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Pay & Leave Claim Decisions

Washington, DC

U.S. Office of Personnel Management
Fair Labor Standards Act Decision
Under section 204(f) of title 29, United States Code

Monte W. Pipins
Quality Assurance Specialist
Oklahoma City ALC
MTC Command: 1M
Air Force Material Command
Tinker Air Force Base, Oklahoma
Overtime Pay
Denied; Lack of jurisdiction

Robert D. Hendler
Classification and Pay Claims
Program Manager
Merit System Audit and Compliance



As provided in section 551.708 of title 5, Code of Federal Regulations (CFR), this decision is binding on all administrative, certifying, payroll, disbursing, and accounting officials of agencies for which the U.S. Office of Personnel Management (OPM) administers the Fair Labor Standards Act (FLSA).  There is no right of further administrative appeal.  This decision is subject to discretionary review only under conditions and time limits specified in 5 CFR 551.708 (address provided in 5 CFR 551.710).  The claimant has the right to bring action in the appropriate Federal court if dissatisfied with the decision.


On March 5, 2013, the U.S. Office of Personnel Management’s (OPM) Merit System Audit and Compliance received a Fair Labor Standards Act (FLSA) claim from Mr. Monte W. Pipins who states:  

Until June 2012, I was erroneously classified under FLSA and received the wrong pay for overtime work performed.  The Agency corrected my FLSA classification at that time but didn’t reimburse back pay for the overtime while classified incorrectly.

The claimant states that neither her agency nor her local union, the American Federation of Government Employees Local 916, “has presented [him] an offer for all the back pay and overtime [he] worked.”  The claimant seeks “all money [he] was not paid while [his] FLSA status was incorrect along with all penalties, interest and any other monies owed to [him] by law or statute” for overtime allegedly worked while misclassified as FLSA exempt.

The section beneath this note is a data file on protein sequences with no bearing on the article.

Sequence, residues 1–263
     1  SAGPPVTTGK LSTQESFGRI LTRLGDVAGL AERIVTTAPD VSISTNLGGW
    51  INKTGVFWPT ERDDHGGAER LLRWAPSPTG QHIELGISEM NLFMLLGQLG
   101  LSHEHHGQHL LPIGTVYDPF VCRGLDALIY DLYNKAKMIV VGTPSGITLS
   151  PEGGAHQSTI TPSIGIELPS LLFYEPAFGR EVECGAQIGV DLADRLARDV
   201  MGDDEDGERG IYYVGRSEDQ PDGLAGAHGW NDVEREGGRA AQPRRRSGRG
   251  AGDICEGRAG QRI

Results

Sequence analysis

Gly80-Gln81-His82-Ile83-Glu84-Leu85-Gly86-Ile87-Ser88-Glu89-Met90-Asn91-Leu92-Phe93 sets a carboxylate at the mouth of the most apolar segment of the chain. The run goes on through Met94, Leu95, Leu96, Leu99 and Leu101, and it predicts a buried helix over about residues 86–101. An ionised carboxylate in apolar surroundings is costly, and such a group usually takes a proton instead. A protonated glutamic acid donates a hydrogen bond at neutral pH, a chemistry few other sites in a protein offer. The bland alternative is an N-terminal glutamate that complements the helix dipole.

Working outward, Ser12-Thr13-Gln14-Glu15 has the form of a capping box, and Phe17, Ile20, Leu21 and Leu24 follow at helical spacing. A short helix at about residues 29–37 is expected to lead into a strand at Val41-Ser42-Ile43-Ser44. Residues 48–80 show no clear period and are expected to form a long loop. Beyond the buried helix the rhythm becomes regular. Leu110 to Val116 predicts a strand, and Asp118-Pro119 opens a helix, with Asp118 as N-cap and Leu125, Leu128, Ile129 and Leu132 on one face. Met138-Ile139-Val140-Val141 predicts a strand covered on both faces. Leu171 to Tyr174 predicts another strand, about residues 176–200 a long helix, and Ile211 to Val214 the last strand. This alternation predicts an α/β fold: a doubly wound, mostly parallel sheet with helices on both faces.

We have accepted and decided this claim under Section 4(f) of the FLSA of 1938, as amended (29 United States Code (U.S.C.) § 204(f)).

In reaching our FLSA decision, we have carefully considered all information of record, including that furnished by the claimant and his employing agency.


OPM’s adjudication authority, under the provisions of 29 U.S.C. § 204(f), is an administrative remedy, not a judicial remedy.  See 5 CFR part 551, subpart GSection 7121(a)(1) of title 5, U.S.C., directs that except as provided elsewhere in the statute, the grievance procedures in a negotiated collective bargaining agreement (CBA) shall be the exclusive administrative remedy for resolving matters that fall within the coverage of the CBA.  The Court of Appeals for the Federal Circuit has found the plain language of 5 U.S.C. 7121(a)(1) to be clear, and as such, limits the administrative resolution of a Federal employee’s grievance to the negotiated procedures set forth in the CBA.  Mudge v. United States, 308 F.3d 1220, 1228 (Fed. Cir. 2002). Further, the Federal Circuit also found that all matters not specifically excluded from the grievance process by the CBA fall within the coverage of the CBA.  Id. at 1231.  As such, OPM cannot assert jurisdiction over FLSA claims of Federal employees who are or were subject to a negotiated grievance procedure (NGP) under a CBA between the employee’s agency and labor union for any time during the claim period, unless the matter is or was specifically excluded from the CBA’s NGP. See 5 CFR 551.703(a).

The claimant acknowledges his bargaining unit status as he plainly states in his claim request: “I am and always have been a member of a collective bargaining agreement.”  However, he also states he “was not covered by a negotiated grievance procedure [NGP] during the period of this claim.”  The claimant is incorrect regarding his coverage by an NGP.  The CBA between AFGE Council No. 214 and Air Force Material Command covering the claimant and in effect during the period of the claim does not specifically exclude FLSA overtime pay issues from the NGP (Article 6) covering the claimant.  Therefore, the claimant’s FLSA claim must be construed as covered by the NGP the claimant was subject to during the claim period and OPM has no jurisdiction to adjudicate this claim or intervene in this matter as the claimant appears to ask. 


The claim is denied based on lack of jurisdiction.


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